Jordan Spieth’s pre-shot move is popular topic on pro’s group text
Harold Varner III is opinionated, and Saturday, he opined.
Here’s HV3 on his newborn son, Harold IV: “I’m going to play with my kid. He goes to sleep at like 8:30. It’s unbelievable. It’s like an old man. Come into the world going to sleep all the time, go out of the world sleeping all the time.”
Here’s HV3 on Patrick Cantlay: “The most impressive thing with Patrick is when you ask him a question in the media, it is so thought out. I’m just like, yeah, you know, I’m cool, man, I’m trying to go home, let me answer this question, whatever. But he is so well spoken. Obviously he’s a smart kid, but you know, to be able to articulate, especially when he doesn’t agree with someone — I know what I say when I don’t agree with someone: It’s just two words.”
Here’s HV3 on Tiger Woods’ return last week at the Masters: “You know what’s weird, man. And I know he’s getting old, but he’s not that old. So you hear people and they’re like, I don’t when we’re going to see him again. I’m like, is he 100, or is he 46? So that was weird to me. I don’t care if he has one foot or two feet. That guy, he’s so good.”
Varner had joined the CBS broadcast of the RBC Heritage third round, where he shot an eight-under 63 to enter Sunday’s final round with a one-stroke lead, and announcers Colt Knost and Amanda Renner teed him up for takes. And perhaps his hottest?
Here’s HV3 on Jordan Spieth’s pre-shot routine as they watched him ahead of a stroke:
“What do you think of that little rehearsal right there?” Knost asked Varner.
There was laughter, then Varner continued.
“I mean, I thought he was about to hit it actually. We’ve had some great things in the group text about that rehearsal, but, uh, none I’d rather comment on here. But if you’re hitting shots like that I’d rehearse it.”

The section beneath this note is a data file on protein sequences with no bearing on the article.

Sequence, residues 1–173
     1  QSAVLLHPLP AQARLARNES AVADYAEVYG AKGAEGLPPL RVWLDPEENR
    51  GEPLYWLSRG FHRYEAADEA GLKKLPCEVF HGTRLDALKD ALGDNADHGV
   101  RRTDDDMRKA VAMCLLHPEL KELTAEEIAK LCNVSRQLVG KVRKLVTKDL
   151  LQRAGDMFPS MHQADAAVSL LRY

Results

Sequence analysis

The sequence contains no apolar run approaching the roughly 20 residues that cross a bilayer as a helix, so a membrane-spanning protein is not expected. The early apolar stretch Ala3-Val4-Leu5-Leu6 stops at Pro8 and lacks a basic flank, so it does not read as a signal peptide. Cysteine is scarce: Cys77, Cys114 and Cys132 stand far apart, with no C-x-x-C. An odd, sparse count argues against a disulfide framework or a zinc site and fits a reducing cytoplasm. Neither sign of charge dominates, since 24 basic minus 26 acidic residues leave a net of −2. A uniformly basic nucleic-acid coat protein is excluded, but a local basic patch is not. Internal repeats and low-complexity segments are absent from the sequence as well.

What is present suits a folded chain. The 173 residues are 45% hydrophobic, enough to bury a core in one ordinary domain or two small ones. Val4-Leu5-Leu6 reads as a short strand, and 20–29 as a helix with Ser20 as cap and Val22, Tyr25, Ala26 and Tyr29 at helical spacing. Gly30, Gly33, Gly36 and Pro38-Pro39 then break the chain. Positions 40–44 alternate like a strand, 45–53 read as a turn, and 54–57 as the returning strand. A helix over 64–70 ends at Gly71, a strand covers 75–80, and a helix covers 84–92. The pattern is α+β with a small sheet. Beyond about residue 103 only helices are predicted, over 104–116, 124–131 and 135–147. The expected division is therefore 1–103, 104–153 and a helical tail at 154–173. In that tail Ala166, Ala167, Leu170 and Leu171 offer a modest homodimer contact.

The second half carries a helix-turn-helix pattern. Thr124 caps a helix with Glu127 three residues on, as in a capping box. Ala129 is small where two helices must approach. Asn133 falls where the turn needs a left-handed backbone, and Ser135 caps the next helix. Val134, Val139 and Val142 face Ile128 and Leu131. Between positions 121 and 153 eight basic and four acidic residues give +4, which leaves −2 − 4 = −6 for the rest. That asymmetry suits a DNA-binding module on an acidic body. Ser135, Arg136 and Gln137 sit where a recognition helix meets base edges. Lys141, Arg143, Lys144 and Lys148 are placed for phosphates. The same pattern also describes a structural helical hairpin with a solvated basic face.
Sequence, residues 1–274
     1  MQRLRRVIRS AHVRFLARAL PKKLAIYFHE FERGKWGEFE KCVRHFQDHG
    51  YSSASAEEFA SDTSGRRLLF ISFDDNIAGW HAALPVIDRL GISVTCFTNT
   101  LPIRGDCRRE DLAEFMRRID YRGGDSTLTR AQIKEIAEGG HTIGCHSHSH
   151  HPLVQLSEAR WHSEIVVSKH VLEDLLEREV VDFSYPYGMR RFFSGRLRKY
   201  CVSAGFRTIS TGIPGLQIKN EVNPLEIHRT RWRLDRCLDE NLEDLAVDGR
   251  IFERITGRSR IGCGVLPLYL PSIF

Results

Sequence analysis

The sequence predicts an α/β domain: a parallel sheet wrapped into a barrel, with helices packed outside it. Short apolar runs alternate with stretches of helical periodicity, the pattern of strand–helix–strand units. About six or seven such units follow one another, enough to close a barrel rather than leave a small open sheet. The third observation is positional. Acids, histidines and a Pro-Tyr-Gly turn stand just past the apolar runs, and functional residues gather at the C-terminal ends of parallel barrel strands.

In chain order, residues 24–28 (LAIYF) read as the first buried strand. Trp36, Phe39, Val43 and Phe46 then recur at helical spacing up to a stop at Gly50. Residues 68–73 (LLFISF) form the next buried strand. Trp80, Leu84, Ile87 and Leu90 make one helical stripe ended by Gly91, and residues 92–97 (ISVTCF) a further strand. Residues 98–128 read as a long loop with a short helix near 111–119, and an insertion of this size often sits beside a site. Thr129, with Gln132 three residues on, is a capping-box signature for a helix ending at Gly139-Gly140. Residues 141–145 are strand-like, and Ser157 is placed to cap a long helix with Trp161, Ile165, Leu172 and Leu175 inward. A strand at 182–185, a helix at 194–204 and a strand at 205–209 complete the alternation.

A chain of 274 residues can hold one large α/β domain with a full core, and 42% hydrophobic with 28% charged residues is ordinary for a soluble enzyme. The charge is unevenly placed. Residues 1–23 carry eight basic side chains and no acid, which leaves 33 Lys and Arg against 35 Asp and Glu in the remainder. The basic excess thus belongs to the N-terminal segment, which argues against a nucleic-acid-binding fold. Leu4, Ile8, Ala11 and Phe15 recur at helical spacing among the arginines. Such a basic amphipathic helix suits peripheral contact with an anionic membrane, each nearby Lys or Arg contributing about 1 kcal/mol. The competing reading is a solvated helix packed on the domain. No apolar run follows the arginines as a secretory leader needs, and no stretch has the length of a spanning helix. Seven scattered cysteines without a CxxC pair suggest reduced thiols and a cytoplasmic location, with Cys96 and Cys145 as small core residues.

“Who’s in that group chat?” Renner asked.
“Uh, no, no way,” Varner said. “None that I’d like to say on the air.”
If you haven’t seen Spieth’s move, it goes something like this: He takes the club back, pauses slightly about halfway into the backswing, slowly takes the club back farther, then slides his hands forward and returns the club to address. It helps him get his swing into position.
Of course, there are other ways to frame it. No, Varner’s group text is not alone in making sense of it all.
“Well, basically, he feels like he has a tendency that the club gets stuck behind him and he comes in to underneath,” analyst Gary Koch said two weeks ago on Golf Channel’s broadcast of the Texas Open. “So he’s trying to get the club pointed left at the top of his swing and then get the club out in front of him to where he can get the club moving to the left going through and produce that little fade.”
“It’s hard to explain that move, other than by saying that it’s allowed him to dig his way out of a slump, to become roughly half the player he used to be,” Golf Channel analyst Brandel Chamblee recently wrote on Twitter. “If you want to thwart or hobble a genius athlete all one needs to do is getting them thinking about their action.”
On Saturday, Varner eventually left the broadcast. On Sunday, he played for his PGA Tour title.
“I’m still thinking about group texting,” analyst Nick Faldo said on the broadcast. “It wasn’t quite like that in my day.”